Germany’s black, red and mustard tricolour was flying from nearly every car roof and almost every apartment window. The German flags were interspersed here and there with the Brazilian’s brilliant green and yellow parrot-coloured pennant, the red checkers of the Croatian flag, or the colourful flags of a score of African, Caribbean and South American nations.
Joyful cheering and happy shouts of “GOAL!” could be heard each time the swinging doors to the gents’ room crashed open.
The streets swarmed with people in the national jerseys of two dozen lands, or shirts saying I heart Germany, or just Deutschland Deutschland Deutschland.
Even the pissoirs in the pubs had joined the party. The urinals had little green gauze mats in them, whereupon stood a little white plastic goal net, a little red ball attached to the cross bar by a piece of fishing line. If you directed a jet of urine onto the little ball for long enough, it would change colour from red to white. This was supposed to represent a goal.
German engineers had expended much thought and effort designing these contraptions, not just to make pissing in a standing position even more amusing than it already was for the German male, but also to splash urine onto the floor and across the front of one’s trousers. Like so many German designed inventions, these little novelties performed this task with speed and efficiency and at a surprisingly low cost.
In every pub on every corner in Bonn, joyful cheering and happy shouts of “GOAL!” could be heard each time the swinging doors to the gents’ room crashed open.
Amongst the crowd of colourful and boisterous revellers it was hard not to notice the dogs. Dogs were everywhere, some even dressed up for the occasion, usually in jerseys to match those of their owners.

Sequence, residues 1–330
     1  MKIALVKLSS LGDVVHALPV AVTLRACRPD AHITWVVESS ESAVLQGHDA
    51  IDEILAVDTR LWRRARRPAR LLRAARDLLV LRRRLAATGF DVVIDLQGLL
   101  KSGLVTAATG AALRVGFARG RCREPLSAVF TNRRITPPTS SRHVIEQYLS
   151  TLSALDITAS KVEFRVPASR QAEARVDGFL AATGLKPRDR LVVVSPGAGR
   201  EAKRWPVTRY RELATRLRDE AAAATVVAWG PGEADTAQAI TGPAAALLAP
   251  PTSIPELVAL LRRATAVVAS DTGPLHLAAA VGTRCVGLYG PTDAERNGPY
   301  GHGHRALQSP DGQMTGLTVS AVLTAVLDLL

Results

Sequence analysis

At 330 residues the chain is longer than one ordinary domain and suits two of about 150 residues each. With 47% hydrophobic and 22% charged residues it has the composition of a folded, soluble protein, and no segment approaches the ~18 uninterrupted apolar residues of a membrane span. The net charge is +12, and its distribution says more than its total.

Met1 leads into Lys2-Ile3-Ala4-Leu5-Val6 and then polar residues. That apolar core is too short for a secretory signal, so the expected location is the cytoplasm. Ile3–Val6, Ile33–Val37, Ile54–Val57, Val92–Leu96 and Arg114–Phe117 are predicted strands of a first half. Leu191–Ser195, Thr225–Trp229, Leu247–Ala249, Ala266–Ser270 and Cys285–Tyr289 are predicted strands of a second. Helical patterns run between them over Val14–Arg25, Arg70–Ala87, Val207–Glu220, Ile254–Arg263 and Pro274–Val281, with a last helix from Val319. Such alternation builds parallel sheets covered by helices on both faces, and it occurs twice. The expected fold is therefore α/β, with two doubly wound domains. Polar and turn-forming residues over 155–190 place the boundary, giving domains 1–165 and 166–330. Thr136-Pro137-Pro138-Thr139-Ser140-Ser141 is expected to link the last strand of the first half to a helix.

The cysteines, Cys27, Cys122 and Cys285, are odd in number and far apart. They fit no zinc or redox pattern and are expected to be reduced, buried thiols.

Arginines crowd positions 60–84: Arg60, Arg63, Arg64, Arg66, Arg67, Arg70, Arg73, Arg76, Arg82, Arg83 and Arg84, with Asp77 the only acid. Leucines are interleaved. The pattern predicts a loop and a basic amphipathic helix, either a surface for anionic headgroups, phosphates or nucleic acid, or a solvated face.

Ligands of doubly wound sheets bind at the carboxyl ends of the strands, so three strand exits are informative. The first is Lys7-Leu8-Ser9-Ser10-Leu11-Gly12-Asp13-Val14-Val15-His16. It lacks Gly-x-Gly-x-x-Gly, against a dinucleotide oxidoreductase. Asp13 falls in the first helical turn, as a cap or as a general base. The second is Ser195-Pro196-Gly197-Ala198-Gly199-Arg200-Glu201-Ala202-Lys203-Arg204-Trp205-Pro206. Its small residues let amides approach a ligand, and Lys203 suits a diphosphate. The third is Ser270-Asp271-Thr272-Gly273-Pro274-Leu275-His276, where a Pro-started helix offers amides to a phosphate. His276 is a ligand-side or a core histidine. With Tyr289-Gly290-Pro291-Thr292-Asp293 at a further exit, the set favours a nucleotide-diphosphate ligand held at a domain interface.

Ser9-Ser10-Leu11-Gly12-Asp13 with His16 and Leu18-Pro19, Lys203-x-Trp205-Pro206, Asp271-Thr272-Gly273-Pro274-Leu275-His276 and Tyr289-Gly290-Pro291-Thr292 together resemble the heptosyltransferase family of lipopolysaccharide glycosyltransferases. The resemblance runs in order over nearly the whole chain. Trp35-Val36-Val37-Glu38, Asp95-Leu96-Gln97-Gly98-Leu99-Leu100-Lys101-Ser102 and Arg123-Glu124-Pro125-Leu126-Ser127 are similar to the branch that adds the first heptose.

The Germans love their dogs, and dogs love Germany. Dogs of all shapes and sizes were riding the buses and trams, hailing taxis at the kerb, patiently flipping through ancient magazines in doctors’ waiting rooms, going into restaurants and pubs and ordering meals or getting drunk in large groups, heading off for strolls down to the bakery in happy-looking packs, or taking joyrides in their owners’ cars; or just hanging around on street corners in small groups smoking cigarettes. Nowhere in the world are dogs as free to go anywhere they please and do anything they want – as long as they do it with a collar and leash attached.
Smokers were everywhere too, as no country in Europe gives smokers as much freedom as Germany. They smoked in the train stations and on the trains. They smoked in their offices and in the corridors at work.
They smoked in the bars, the cafes and the restaurants, which were divided into two sections: Smoking and Chain Smoking. They smoked while they ate, they smoked while they drank. They smoked while they browsed the news-stands and while they bought their bus tickets. They smoked while they used the toilet and they smoked while they slept. Smoking was the prerogative of every German 16 or over, and they were going to exercise that right to the full extent of the law.
It was possible to buy cigarettes in almost any shop, and if the shops were closed (which was often) it was possible to buy cigarettes from vending machines anywhere and any time the urge struck – in the streets, at the train stations, outside schools and inside Cologne Zoo. The chimps were happy about that, and could be seen hanging around the cigarette vending machines on their small bicycles, wearing a variety of amusing hats and harassing zoo-goers for spare change.
An island in the madness, and possibly the only place in Germany where smoking really was strictly prohibited and the rule was strictly enforced, was the Jugendherberge (youth hostel) where I spent my first couple of nights in the Rhineland. Actually, practically everything was strictly prohibited in the Jugendherberge, which had been carefully concealed in a forest on the Venusberg, a hill overlooking Bonn from the west.
As the sun crept back behind the clouds, the bus stopped on the side of a deserted road, in the deep green shade of ancient trees. Wordlessly, the driver communicated with a jerk of his thumb that could equally have said “This is your stop,” or simply “Get Out!”
The doors swung shut behind me and as the bus puffed and grunted its way around the next bend, the silence of the forest closed in. A small sign, almost obscured by moss, displayed a blue triangle with a pine tree and a hut on it. The sign indicated a not particularly well-trodden path leading away from the road and into the gloom.